- Synchronized upswing in global growth drives stocks. More attention on the synchronized upswing in global growth, which has been widely cited as the key upside driver for stocks this year (along with the ongoing corporate profit recovery and still supportive monetary policy). WSJ article on Monday noted that the increasingly synchronized global economic recovery has allowed the vast majority of global stock markets in 2017 to surge to either fresh records or multi-year highs. Half of the 35 major indexes representing world’s biggest stock markets by value have hit all-time highs this year, the most since 2007. (Source: FactSet)
- OECD raises 2018 global growth forecast. The Organization for Economic Cooperation and Development (OECD) updated its gross domestic product growth forecast to 3.6% from 3.5%, supported by policy stimulus and being accompanied by solid employment gains, a moderate upturn in investment, and a pick-up in trade growth. It also noted that the global economy is now growing at its fastest pace since 2010, with the upturn becoming increasingly synchronized across countries. The biggest increase is for the Eurozone (2.4% vs. 2.1%), while growth rates in Japan and the U.K. were downwardly revised (1.5% vs. 1.6%).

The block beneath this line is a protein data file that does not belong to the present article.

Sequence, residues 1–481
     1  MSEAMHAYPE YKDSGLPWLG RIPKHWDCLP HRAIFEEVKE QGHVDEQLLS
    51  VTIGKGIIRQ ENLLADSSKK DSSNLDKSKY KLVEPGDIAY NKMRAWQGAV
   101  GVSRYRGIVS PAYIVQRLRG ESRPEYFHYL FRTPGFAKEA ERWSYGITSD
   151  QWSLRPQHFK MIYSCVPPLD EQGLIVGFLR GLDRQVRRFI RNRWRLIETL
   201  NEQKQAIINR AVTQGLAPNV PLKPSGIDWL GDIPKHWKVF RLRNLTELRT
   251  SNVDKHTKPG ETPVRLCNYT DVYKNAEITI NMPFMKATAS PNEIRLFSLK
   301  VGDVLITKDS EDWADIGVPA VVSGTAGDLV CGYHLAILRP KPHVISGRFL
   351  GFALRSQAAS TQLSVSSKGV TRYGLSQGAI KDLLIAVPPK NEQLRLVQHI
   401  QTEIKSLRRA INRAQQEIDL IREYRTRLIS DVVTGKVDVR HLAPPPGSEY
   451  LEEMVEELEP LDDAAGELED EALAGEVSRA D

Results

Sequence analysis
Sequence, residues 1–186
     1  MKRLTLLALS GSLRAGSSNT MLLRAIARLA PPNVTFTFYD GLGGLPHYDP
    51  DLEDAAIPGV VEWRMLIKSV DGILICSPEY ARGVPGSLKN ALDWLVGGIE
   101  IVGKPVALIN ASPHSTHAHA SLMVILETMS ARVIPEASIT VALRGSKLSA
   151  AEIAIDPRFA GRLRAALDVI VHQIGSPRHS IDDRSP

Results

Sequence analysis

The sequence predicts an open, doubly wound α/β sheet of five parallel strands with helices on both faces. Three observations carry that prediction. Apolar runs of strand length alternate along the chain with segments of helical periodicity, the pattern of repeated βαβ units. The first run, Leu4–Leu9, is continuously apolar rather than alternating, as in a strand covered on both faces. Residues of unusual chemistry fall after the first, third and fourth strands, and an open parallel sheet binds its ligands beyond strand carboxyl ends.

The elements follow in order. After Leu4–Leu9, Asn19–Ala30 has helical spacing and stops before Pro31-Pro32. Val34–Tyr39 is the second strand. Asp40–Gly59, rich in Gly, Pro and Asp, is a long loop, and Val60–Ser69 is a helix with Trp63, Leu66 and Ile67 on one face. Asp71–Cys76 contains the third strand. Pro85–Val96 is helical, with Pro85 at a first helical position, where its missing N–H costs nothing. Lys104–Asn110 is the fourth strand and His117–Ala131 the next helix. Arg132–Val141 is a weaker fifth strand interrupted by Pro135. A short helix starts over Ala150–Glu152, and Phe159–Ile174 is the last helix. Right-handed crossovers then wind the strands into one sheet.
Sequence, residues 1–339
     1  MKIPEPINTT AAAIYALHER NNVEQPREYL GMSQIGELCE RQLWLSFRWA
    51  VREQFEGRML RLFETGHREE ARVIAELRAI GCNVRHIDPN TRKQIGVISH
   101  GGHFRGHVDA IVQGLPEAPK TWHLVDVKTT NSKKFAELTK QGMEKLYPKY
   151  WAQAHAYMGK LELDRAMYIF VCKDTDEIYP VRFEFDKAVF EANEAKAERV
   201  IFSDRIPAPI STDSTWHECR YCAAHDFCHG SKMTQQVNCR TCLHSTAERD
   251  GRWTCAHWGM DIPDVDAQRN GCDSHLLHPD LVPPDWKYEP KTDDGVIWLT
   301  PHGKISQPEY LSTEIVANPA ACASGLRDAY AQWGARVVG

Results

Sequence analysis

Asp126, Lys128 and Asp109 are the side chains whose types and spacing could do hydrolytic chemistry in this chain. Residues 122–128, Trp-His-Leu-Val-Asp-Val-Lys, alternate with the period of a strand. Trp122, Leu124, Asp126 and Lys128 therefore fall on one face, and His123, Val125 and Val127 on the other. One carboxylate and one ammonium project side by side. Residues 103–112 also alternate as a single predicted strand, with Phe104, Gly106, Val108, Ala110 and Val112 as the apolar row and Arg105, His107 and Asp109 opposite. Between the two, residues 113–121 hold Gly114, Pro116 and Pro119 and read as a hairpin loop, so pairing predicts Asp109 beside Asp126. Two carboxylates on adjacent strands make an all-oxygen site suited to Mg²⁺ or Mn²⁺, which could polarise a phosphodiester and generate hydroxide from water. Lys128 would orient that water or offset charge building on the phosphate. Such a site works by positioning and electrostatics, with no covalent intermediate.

- How do small caps look? As we discussed in our Outlook 2018: Return of the Business Cycle, there are many positive fundamental factors which could help small caps have a strong year in 2018. Today on the LPL Research blog we take another look at small caps and show why the technicals, along with the fundamentals, appear to support our bullish thesis.
- Wholesale Inventories (Oct)
- Case-Shiller Home Price Index (Sep)
- Consumer Confidence (Nov)
- Richmond Fed Mfg. Report (Nov)
- Eurozone: Money Supply (Oct)
- Eurozone: Organisation for Economic Co-operation & Development Economic Outlook
- Bank of Canada: Poloz
- Japan: Retail Sales (Oct)
- GDP (Q3)
- PCE (Q3)
- Beige Book
- Yellen (Dove)
- France: GDP (Q3)
- Germany: CPI (Nov)
- Eurozone: Consumer Confidence (Nov)
- BOJ: Nakaso, Iwata, Harada
- Japan: Industrial Production (Oct)
- Japan: Vehicle Production (Oct)
- China: Mfg. & Non-Mfg. PMI (Nov)
- Personal Income & Spending (Oct)
- Core PCE (Oct)
- Chicago PMI (Nov)
- France: CPI (Nov)
- Eurozone: Unemployment Rate (Oct)
- Italy: CPI (Nov)
- India: GDP (Q3)
- South Korea: GDP (Q3)
- Japan: CPI (Oct)
- Japan: Nikkei Japan Mfg. PMI (Nov)
- China: Caixin China Mfg. PMI (Nov)
- Markit Mfg. PMI (Nov)
- Construction Spending (Oct)
- Germany: Import Price Index (Oct)
- Italy: Markit/ ADACI Italy Mfg. PMI (Nov)
- France: Markit France Mfg. PMI (Nov)
- Germany: Markit Germany Mfg. PMI (Nov)
- Italy: GDP (Q3)
- Eurozone: Markit Eurozone Mfg. PMI (Nov)
- UK: Markit UK Mfg. PMI (Nov)
- Brazil: GDP (Q3)
- Canada: GDP (Sep)
- Japan: Vehicle Sales (Nov)